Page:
US border officials reported increases in marijuana seizures at the Canadian border, while numbers fall at the Mexico border.
Securing the United States-Mexico border through a massive border wall was one of President Donald Trump’s major campaign promises in 2016. This week, it was reported U.S. Customs and Border Patrol (CBP) officials have seized nearly 5,000 pounds of marijuana at the border between Nov. 1, 2018 and Oct. 31, 2019. The only problem for Trump was CBP’s seizures happened at America’s Canadian border.
Ever since Canada legalized recreational cannabis nationwide, the volume of cannabis moving across the border into the United States has jumped significantly. Last year, CBP officials caught 2,214 kilograms (4, 881 pounds) in illegal marijuana. The figure represents a 75% increase from the year previous, when CBP officials seized 1,259 kilograms (2,775 pounds) in illicit cannabis. But CBP officials downplayed the significance of the statistics. Instead, they pointed the recorded individual seizures year to year: 3,917 incidents following Canadian legalization and 3,139 in the year prior to legalization.
“Although the CBP recognizes an increase in marijuana seizures and incidents, seizures and incidents normally vary from year to year,” CPB spokesman Kris Grogan told CBC. Instead, Grogan calls the increase in volume a small “uptick” more than anything else.
Experts point to possible confusion in the law for those crossing the border into states with legal marijuana like Michigan or Washington. Some may mistake that because it’s legal in both places, it’s okay to cross the border with cannabis. But because it’s a national border, federal rules and penalties apply.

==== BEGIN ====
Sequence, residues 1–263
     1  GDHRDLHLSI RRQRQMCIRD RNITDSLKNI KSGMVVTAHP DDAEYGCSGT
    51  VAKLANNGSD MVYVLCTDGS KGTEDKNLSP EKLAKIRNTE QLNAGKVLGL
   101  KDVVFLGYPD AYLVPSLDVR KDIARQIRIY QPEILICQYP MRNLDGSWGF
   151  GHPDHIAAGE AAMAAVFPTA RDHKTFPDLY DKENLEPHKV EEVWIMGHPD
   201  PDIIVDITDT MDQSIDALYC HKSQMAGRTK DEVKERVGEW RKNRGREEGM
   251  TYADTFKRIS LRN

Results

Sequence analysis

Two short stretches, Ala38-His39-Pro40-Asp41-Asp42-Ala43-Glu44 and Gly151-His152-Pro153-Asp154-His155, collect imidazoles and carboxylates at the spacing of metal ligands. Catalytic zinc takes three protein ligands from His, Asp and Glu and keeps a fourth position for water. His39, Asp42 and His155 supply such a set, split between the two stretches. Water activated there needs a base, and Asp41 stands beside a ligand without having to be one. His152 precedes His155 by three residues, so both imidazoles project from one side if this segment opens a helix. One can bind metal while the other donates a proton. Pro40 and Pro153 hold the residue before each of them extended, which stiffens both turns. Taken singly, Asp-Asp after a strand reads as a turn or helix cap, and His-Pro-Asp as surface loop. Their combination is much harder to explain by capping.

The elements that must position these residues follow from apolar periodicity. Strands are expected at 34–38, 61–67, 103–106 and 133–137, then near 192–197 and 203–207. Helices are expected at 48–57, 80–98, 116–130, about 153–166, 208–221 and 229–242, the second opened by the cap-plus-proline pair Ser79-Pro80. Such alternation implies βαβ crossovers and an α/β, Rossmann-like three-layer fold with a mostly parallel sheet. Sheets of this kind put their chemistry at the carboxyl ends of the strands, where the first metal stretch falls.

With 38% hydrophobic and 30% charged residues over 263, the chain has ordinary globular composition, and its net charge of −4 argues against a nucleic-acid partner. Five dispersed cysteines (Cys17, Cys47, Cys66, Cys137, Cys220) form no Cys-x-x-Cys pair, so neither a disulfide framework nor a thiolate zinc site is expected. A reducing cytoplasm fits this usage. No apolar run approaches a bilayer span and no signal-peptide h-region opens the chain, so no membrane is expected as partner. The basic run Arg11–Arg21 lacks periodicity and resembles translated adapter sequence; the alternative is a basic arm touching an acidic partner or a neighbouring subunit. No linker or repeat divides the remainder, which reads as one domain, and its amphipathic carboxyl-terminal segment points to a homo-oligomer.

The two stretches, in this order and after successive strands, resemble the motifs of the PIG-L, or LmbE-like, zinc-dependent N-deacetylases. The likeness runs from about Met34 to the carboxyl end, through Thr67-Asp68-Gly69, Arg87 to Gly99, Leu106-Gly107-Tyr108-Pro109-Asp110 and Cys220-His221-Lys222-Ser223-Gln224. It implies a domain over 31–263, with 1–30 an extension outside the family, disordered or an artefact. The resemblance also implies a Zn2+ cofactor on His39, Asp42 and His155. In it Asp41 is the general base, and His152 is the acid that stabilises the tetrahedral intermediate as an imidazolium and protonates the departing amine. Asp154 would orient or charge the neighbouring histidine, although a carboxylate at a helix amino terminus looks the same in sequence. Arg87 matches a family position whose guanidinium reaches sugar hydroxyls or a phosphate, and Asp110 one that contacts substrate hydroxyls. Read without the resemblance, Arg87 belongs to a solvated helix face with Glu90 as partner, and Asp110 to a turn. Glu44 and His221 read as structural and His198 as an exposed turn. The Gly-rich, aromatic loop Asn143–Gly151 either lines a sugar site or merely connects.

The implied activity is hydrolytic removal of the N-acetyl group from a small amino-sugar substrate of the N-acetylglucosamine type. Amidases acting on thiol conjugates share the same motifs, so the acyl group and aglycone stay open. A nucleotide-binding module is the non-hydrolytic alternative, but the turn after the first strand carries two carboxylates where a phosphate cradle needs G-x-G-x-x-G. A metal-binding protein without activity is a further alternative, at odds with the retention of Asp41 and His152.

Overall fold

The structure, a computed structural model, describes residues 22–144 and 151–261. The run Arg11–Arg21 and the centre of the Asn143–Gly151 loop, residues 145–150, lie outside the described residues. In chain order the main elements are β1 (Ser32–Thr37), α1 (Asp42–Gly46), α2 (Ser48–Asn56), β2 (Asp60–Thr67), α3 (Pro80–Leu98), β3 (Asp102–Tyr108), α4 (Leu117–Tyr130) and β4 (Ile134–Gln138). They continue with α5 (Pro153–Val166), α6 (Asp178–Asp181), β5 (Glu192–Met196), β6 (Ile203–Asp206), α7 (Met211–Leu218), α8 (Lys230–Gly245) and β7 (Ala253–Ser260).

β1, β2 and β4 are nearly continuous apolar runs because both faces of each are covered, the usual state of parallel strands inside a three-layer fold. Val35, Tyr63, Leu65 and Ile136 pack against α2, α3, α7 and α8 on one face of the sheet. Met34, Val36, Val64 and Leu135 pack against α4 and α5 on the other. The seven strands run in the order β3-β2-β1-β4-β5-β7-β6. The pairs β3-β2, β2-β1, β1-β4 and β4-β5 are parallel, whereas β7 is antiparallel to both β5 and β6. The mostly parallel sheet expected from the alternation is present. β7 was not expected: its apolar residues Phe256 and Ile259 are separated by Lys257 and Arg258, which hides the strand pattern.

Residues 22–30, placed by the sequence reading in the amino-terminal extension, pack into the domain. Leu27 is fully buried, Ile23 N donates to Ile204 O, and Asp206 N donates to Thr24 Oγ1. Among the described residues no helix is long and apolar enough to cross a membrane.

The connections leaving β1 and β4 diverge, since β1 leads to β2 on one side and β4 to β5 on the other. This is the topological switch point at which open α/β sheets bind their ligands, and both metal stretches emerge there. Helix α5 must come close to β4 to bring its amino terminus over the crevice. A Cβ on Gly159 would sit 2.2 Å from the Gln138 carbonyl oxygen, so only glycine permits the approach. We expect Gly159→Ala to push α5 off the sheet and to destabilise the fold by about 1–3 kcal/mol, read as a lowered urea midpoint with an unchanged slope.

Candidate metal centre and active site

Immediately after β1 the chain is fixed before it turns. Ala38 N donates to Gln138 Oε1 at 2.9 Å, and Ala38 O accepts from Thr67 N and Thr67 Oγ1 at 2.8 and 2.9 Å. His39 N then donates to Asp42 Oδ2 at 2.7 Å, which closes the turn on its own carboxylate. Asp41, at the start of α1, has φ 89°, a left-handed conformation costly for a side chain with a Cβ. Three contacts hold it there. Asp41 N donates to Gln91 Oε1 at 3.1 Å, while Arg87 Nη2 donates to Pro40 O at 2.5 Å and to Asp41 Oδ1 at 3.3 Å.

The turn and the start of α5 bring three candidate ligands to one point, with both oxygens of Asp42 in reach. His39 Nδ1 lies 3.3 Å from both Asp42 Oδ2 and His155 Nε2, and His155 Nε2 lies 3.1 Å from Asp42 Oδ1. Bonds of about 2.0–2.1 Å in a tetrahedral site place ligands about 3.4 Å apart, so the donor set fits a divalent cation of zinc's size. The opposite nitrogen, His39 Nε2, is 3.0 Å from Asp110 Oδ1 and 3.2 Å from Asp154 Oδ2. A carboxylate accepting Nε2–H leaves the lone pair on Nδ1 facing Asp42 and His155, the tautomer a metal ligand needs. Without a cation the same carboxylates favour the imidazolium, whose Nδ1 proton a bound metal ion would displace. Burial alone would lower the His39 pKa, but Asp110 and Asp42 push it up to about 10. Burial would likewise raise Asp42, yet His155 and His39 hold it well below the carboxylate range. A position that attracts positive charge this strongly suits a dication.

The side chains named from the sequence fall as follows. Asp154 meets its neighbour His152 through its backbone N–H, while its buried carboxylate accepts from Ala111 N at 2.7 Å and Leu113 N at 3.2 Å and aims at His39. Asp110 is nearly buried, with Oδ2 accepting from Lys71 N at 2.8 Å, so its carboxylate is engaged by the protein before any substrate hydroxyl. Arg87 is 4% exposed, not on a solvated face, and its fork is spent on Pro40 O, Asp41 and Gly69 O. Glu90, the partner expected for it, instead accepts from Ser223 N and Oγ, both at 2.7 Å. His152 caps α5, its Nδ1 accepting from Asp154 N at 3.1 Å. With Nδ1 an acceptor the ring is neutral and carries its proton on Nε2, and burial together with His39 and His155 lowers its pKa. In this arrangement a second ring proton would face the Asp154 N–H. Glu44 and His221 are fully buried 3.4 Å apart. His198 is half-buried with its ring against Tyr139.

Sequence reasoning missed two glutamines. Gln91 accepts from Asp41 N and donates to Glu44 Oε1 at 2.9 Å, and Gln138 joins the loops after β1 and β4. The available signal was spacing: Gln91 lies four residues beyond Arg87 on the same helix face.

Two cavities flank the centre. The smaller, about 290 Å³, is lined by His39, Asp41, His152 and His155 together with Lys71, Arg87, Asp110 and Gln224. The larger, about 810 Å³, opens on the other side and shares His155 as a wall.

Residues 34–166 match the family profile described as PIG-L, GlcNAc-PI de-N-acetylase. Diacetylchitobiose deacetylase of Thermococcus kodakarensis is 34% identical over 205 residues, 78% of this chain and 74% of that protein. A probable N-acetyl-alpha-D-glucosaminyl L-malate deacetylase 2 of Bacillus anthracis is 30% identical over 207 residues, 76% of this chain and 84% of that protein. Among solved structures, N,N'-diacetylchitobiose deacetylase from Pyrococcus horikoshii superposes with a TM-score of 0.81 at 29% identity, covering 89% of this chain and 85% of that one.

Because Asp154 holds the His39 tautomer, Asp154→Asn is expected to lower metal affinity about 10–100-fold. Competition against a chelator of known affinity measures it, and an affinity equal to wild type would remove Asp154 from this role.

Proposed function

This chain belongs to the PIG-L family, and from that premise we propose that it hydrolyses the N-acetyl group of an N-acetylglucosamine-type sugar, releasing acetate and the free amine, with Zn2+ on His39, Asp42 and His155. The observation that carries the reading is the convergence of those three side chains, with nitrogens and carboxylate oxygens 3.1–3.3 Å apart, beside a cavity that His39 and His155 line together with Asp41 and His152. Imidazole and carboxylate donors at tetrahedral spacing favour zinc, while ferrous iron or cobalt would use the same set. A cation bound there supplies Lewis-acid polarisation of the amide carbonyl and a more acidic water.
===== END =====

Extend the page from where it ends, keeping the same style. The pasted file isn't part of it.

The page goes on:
In addition, University of Ottawa drug policy expert Eugene Oscapella said the increase in volume could be explained by a different problem—Canada’s black market problem. Many Canadian provinces experienced shortages, complications, or higher prices when it came to buying marijuana following legalization. Within the first six months of legalization, 79% of all cannabis sales still occurred underneath the table, according to Statistics Canada. Those black market producers who can’t find buyers in Canada may be trying to move their goods elsewhere, theorized Oscpella.
“There’s the possibility that if they lose the Canadian market, that they’ll focus more effort on shipping it to the United States, places where it is still illegal, or to other countries for that matter,” Oscapella told CBC.
“But I don’t know that we’ve been successful enough in getting people to shift to the Canadian legal market, that it’s really dented the profits of criminal organizations significantly here.”
As far as the US-Mexico border, a Cato Institute report found that state marijuana legalization has stopped drug smuggling more successfully than Trump’s border wall. Using government data, the report concludes that “smuggling has fallen 78 percent over just a five-year period,” which coincided with state-level marijuana legalization.
State-level marijuana legalization has undercut demand for illegal Mexican marijuana, which in turn has decreased the amount of drug smuggling into the United States across the southwest border,” the paper reads.